Vet Says U-Texas Broke Animal Research Rules


     GALVESTON, Texas (CN) – The University of Texas Medical Branch fired its animal research director for reporting that it let eight monkeys die from a virus rather than euthanize them, the director claims in court.
     Brian Gordon, DVM, says the Galveston school hired him in March 2013 to be the attending veterinarian and executive director of its Animal Resources Center, where it keeps numerous research animals.
     “At any given time, the ARC might house as many as 4,000 mice, 500 rats, 20-50 non-human primates, 30 sheep, 20-25 pigs, and a range of ferrets, rabbits, guinea pigs,” according to the Feb. 11 federal complaint.
     Gordon had 25 years’ experience as a veterinarian, including director stints at research labs in Florida and Oklahoma. The position called for him to ensure the school’s research complied with the Animal Welfare Act, and to work closely with its Institutional Animal Care and Use Committee (IACUC), a body required for every institution doing federally funded research on animals.
     But Gordon says his suggestions for improving animal safety caused friction with school administrators, who criticized him “for not being a ‘team player'” and wrote him up for doing his job.
     “In 2014 there were plans to build a primate facility below sea level. Plaintiff objected to this plan because it would put the animals at risk in the event of a severe storm, which is a common occurrence on the Gulf Coast,” the complaint states.
     “On another occasion, he was told that he would be fired if he continued raising concerns regarding procedures affecting animal care.”
     Gordon says the bad feelings became more pronounced last year when the National Institute for Allergy and Infectious Disease, a research contractor, audited UTMB’s study of 12 monkeys who were injected with the Marburg virus.
     The virus is from the same genetic family as the Ebola virus. It can cause fatal organ bleeding and is transmitted by blood and body tissue fluids.
     Gordon says that though federal law required him to oversee all aspects of the school’s animal research, UTMB administrators did not let him see the results of the NIAID audit, which found “significant animal welfare concerns” with UTMB’s monkey research.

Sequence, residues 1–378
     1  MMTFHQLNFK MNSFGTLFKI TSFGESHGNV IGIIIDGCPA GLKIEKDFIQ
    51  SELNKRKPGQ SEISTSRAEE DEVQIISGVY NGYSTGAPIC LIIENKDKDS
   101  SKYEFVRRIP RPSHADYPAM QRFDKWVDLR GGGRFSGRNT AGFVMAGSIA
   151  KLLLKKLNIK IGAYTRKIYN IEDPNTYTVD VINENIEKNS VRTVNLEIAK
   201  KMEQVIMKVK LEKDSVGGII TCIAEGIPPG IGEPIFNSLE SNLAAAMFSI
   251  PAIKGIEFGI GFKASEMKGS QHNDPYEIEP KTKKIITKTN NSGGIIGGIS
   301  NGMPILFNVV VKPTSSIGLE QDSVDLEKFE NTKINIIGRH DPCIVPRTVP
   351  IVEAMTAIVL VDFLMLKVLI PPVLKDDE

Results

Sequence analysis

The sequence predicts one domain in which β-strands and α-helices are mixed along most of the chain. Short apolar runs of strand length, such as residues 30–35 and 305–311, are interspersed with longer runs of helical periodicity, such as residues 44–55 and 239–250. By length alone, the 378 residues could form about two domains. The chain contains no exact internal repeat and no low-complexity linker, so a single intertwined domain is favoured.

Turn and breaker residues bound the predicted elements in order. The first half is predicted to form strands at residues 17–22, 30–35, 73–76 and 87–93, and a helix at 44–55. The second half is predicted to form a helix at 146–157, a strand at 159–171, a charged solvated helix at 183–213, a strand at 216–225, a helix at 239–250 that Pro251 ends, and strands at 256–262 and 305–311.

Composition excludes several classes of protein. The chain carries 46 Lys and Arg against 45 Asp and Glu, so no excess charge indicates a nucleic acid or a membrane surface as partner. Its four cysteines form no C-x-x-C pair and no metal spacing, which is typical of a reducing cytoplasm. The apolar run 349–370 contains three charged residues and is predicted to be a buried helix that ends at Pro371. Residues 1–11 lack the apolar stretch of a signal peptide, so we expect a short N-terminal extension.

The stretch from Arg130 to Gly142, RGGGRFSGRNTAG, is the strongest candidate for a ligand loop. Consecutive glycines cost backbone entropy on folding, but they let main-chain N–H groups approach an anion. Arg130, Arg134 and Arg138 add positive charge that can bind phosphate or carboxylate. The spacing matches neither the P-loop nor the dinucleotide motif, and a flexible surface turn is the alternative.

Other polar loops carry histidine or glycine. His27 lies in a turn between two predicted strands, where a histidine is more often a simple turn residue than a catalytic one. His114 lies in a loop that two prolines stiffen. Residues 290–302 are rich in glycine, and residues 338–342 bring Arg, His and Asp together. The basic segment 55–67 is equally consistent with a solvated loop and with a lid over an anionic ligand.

Gordon says he eventually got a copy of the report from a third party, shortly before a UTMB veterinarian told him that eight of the 12 monkeys in the Marburg virus study “had died unexpectedly and the deaths went unreported.”
     “Plaintiff later learned that there had been a longstanding practice of hiding the true cause of animal deaths throughout the time he was employed by defendant,” Gordon says in the lawsuit. He says he “never received reports that monkeys had died unexpectedly that monkeys had died unexpectedly or without the aid of euthanasia.”
     The complaint continued: “When plaintiff inquired about the cause of death, he was consistently told they were euthanized according to protocol. This practice of hiding the true cause of animal deaths and preventing the Attending Veterinarian and IACUC from investigating those deaths violated approved protocols and federal requirements under the AWA [Animal Welfare Act].”
     So Gordon blew the whistle to the school’s oversight committee: “Once plaintiff learned what was going on, he refused to keep the information secret. He feared these violations had long gone unchecked.”
     There were other violations, Gordon says. He says UTMB management asked him to move federal funds earmarked for specific research to another program, which he considered illegal and refused to do.
     “The purpose of mischaracterizing funds in this manner was to access additional funding without exposing the problems identified in the NIAID audit,” the complaint states.
     Gordon says his insistence on playing by the rules was too much for UTMB administrators, who fired him in June 2015.
     He says the wrongful firing defamed him and destroyed the career he had built over 25 years, forced him to sell his house, move in with a friend and take a temporary, non-veterinarian job with the U.S. Department of Agriculture at a substantial pay cut.
     And, Gordon says, he’s not the only one. “UTMB has a track record of being unable to retain employees to oversee animal care at its facility,” he says in the complaint. “UTMB has employed approximately five (5) different attending veterinarians in the past thirteen (13) years. All of them have solid credentials and appear to be well-qualified professionals capable of ensuring adequate animal care for its research program. Nevertheless, UTMB has had a very high turnover rate for that position.”
     And, like him, he says, one of the attending veterinarians who was fired has been unable to find a new job in veterinary medicine “of the same stature and compensation level as the UTMB posting.”
     Gordon seeks back pay, front pay and punitive damages for wrongful termination, retaliation under the Texas Whistleblower Act, civil rights violations and defamation.
     He says a “science editor” told him that “UTMB representatives had made negative and untruthful statements” about him after he was fired.
     He is represented by Daphne Silverman in Austin.
     A UTMB spokesman declined comment.

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